The ability to separately control the level of pressure and/or electrokinetic flow in fluidly connected channels has a wide variety of different uses that range from the outright separation of electrokinetic flow profiles from pressure driven flow profiles in interconnected channels, to modest variations in relative ratios of electrokinetic and pressure driven flow within interconnected channels.
Exemplary applications of the systems and methods of the invention include separations based analyses that require extended separation times, e.g., separations of minimally different species, post separation reactions that would affect electrophoretic mobilities of the separated species, or movement of materials over longer distances, where the materials do not include readily electrophoretically biased materials, e.g., having widely varying charges amongst the different species in the material.
One example of a system that is particularly benefited by the present invention are serial input microfluidic high throughput pharmaceutical screening systems, and particularly those that perform a mobility shift based detection scheme. In brief, these systems serially introduce discrete slugs of pharmaceutical test compounds into a flowing stream of target reactants, to determine an effect, if any, of the test compound on the interaction of the reactants. Typically, these reactants can include enzyme substrate pairs, receptor ligand pairs or other complementary binding pairs, cells or the like (see, e.g., U.S. Pat. No. 6,046,056). Identification of an effect and correlation of that effect to a particular test compound is typically facilitated by maintaining spacing between different test compounds as they flow through the channels of the system. In the case of certain reactions, the only indicia of the progress of a reaction, even with labeled reactants, is a shift in the level of charge of a labeled reactant, which produces a shift in the labeled reactant's electrophoretic mobility. Examples of such reactions include, e.g., phosphatase and kinase reactions where addition or removal of a phosphate group alters the charge of the substrate relative to the product. A number of other reactions fit this conformation or are readily configured to fit this configuration, including, e.g., protease assays, nucleic acid assays using uncharged labeled analogs, i.e., PNAs, etc.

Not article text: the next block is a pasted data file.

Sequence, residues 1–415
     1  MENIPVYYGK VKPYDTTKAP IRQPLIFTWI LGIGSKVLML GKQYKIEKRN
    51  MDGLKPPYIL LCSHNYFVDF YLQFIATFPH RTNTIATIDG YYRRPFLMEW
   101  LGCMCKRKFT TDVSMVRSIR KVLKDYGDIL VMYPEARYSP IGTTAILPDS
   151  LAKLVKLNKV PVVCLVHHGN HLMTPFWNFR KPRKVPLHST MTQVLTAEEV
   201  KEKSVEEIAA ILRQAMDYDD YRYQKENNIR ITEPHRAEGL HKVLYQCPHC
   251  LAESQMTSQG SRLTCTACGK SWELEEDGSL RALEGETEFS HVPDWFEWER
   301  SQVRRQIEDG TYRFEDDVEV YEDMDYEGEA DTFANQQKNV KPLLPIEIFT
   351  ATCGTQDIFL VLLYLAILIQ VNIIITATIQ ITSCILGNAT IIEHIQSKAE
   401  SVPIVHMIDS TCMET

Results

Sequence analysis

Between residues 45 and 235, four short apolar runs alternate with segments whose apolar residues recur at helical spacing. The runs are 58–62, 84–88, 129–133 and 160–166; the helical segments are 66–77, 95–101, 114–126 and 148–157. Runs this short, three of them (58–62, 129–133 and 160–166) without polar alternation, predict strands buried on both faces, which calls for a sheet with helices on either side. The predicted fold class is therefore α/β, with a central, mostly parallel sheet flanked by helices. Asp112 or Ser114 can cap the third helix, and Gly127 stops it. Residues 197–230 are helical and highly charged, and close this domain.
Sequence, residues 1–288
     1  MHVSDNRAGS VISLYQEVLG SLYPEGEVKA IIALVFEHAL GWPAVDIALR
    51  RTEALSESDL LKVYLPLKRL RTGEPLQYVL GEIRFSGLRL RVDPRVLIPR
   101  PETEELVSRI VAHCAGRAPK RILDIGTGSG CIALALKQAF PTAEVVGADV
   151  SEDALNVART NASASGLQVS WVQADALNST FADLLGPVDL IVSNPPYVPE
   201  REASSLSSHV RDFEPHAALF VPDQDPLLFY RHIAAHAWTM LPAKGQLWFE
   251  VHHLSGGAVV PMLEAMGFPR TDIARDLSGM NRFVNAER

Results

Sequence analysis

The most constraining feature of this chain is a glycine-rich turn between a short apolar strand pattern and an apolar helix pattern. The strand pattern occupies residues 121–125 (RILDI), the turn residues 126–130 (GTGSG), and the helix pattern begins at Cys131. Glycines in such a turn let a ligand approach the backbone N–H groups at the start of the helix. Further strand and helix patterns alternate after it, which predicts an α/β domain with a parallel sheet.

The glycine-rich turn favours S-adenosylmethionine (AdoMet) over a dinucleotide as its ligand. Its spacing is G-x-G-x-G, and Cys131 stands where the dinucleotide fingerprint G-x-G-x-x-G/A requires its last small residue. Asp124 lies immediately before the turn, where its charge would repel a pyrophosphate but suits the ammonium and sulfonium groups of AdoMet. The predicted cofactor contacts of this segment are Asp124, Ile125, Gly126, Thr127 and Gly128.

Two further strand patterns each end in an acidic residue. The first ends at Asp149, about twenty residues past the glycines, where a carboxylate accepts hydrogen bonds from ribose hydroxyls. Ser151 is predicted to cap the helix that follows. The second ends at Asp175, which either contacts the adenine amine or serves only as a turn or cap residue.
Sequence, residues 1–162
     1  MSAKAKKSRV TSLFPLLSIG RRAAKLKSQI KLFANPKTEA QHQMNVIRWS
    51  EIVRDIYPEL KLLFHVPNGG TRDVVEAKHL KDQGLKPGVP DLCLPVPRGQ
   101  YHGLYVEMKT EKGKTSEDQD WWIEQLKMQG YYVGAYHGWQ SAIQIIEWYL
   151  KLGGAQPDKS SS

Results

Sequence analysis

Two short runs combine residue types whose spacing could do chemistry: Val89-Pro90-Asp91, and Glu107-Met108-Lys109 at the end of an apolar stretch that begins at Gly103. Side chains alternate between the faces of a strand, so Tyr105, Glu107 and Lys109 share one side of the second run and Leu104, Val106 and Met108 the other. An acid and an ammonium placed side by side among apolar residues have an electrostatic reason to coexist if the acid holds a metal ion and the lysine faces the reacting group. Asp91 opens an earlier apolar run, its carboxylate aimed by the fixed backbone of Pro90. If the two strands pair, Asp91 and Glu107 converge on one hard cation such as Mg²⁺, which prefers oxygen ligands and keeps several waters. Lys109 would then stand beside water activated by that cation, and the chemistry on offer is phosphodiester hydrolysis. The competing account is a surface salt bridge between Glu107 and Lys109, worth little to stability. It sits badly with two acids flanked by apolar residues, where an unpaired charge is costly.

Likewise, in systems that require extended reaction times, maintaining separation between adjacently introduced plugs becomes more difficult as dispersion increases with the extended flowing time. Accordingly, spacing must be increased between test compounds, reducing the rate of throughput for the system. However, by transitioning the flowing stream of reactants and test compounds to an electrokinetic or electroosmotic flow profile, one can increase the flow time without correspondingly increasing dispersion, thereby allowing one to maintain the spacing or pitch of adjacently input test compound plugs, and thereby preserve throughput.